It paid off. Through some savvy roster construction and Stevens' tactical acumen, the Celtics never tanked in the way other NBA franchises did in the mid-2010s. During Shrewsberry's six-year stay, Boston made the playoffs five times, peaking with Eastern Conference finals appearances in 2017 and 2018.

For as much as he valued and gained from his time in the NBA, the lure of college was unshakeable. Shrewsberry interviewed for head coaching positions for years, only to routinely come up short, something Painter believes was tied to recruiting, an essential part of a college coach's job but a non-existent facet of professional coaching.

"You kind of do [have doubt]," Shrewsberry said of his college job prospects. "When you're going through that process and you get a no and another no and another no, there's a little bit of self doubt that creeps in. What can I do better? What should I be doing better? But you also have a responsibility to where you are."

He fulfilled that responsibility with the Celtics, but when Painter had an opening on his staff in 2019 and reached out to Shrewsberry, he leapt at the offer. Back in college with a decorated program, the head coaching opportunities for which he clamored began to present themselves.

Landing at Penn State: Then came Penn State. The Nittany Lions, for all their shortcomings, provided Shrewsberry not only with the familiarity of the Big Ten, but the rare chance to go directly from being an assistant with no Division I head coaching experience to the top position in a major-conference program.

It could be a mutually beneficial arrangement. To those who know him best, Shrewsberry has a set of traits that make him well-equipped to lead a program. He understands the nuances of the game while also understanding people and, specifically, college-aged players, a balance with which many coaches can struggle. He has patience, but also an edge. More than anything else, he is, as Painter put it, "his own guy," with a background that speaks for itself.

"Those experiences as an assistant get kind of that instant respect from players," Painter said. "'We're trying to get to a Final Four.' Well, he's been there twice. Players want to get to the NBA. He's been there for six years."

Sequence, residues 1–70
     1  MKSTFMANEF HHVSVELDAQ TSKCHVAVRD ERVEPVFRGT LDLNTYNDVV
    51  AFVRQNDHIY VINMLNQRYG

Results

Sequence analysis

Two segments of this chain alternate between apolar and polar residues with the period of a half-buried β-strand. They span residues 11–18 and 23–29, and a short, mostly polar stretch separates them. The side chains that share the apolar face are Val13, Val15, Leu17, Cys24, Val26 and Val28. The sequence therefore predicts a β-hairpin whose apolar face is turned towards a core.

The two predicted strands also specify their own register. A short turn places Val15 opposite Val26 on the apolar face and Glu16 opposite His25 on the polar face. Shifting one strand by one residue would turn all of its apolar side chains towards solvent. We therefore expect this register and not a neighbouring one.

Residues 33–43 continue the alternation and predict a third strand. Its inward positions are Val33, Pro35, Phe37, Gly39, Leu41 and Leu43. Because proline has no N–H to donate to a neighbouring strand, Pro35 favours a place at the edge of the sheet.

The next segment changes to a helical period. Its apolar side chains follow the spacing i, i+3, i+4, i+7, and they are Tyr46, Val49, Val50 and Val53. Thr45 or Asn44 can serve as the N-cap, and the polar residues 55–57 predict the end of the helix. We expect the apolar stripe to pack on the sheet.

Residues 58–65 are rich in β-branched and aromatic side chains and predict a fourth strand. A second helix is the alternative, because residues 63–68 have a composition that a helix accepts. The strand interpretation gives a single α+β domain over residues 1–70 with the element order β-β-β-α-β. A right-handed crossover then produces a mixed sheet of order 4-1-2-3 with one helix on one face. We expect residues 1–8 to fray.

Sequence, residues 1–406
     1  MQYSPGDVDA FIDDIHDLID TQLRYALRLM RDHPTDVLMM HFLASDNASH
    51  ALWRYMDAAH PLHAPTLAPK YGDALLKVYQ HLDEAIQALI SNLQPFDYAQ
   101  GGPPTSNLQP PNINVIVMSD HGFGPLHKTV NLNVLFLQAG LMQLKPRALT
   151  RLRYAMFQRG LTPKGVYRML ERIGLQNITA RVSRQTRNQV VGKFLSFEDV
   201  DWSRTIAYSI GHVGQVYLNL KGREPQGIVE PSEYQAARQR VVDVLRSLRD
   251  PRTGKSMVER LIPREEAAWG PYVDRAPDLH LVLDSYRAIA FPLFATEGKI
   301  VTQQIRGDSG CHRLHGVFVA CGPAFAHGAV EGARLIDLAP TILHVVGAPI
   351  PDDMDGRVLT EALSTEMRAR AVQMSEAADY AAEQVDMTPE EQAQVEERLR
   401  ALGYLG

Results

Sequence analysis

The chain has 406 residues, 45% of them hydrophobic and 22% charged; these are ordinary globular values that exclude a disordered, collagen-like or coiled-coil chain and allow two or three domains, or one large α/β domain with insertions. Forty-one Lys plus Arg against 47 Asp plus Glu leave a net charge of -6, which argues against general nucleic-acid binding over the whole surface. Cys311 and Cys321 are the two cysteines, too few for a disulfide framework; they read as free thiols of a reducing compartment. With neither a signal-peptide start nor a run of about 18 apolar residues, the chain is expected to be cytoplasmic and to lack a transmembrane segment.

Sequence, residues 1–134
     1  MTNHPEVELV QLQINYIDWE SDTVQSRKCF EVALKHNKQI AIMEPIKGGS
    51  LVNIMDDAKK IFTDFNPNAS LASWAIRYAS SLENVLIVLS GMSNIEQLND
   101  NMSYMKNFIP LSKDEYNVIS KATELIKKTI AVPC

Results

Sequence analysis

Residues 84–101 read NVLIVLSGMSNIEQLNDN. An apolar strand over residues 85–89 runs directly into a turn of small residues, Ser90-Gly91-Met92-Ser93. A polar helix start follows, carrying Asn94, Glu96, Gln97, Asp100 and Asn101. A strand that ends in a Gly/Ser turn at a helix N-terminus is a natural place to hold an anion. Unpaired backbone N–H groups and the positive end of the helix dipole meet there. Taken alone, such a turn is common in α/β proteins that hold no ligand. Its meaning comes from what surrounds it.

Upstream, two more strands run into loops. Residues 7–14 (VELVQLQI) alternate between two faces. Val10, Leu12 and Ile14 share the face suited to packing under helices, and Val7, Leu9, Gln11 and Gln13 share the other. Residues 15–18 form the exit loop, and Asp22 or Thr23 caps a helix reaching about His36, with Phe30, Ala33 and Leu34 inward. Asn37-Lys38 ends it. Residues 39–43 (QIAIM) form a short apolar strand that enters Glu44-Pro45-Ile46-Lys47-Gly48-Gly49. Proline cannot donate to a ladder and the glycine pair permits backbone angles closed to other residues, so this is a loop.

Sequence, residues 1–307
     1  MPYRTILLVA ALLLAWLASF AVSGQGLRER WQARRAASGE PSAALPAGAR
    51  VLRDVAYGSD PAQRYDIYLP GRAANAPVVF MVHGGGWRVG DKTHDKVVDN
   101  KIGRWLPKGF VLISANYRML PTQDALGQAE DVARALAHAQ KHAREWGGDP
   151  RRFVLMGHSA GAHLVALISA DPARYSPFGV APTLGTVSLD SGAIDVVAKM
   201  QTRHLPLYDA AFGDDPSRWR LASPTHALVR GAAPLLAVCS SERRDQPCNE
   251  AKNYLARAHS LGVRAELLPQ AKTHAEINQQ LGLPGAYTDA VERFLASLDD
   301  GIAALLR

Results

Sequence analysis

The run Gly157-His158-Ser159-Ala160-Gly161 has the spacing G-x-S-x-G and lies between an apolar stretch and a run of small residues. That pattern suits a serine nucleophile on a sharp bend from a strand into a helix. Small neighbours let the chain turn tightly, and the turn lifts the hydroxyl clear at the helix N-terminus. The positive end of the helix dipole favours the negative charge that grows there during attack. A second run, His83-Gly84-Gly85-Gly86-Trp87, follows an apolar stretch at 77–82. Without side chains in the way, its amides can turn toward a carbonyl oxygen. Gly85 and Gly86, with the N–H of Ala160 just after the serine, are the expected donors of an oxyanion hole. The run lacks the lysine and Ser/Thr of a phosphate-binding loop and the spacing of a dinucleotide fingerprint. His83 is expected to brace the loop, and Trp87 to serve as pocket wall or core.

Looking for sustained success: He'll look to achieve where others have failed at a program that has occasionally found success only to quickly veer away from it. Jerry Dunn got the Nittany Lions to a Sweet 16 in 2001, but went 14-42 in the two seasons that followed. Ed DeChellis needed eight years to get to an NCAA tournament and once he did, he left his alma mater for a Patriot League school. Pat Chambers required even longer — nine years — to produce a tournament-caliber team and mere months after he put that together, an internal investigation into inappropriate conduct forced him to resign.

Obstacles await. For all of Penn State's success beyond football, the school's commitment to men's basketball has been called into question at times. It has the lowest budget in the Big Ten and is the punchline to infamous stories like a Bon Jovi concert rehearsal preventing the Nittany Lions from using the Bryce Jordan Center practice courts.

Where many see pitfalls, however, Shrewsberry sees potential. And it's that hope that will buoy him as he begins the work of fulfilling a dream.

"You can win here," Shrewsberry said. "There are people that are winning here. Now, I just need to figure out what they're doing. What can I take from each person and try to add it to what I want to do here to help us win at a consistent level?"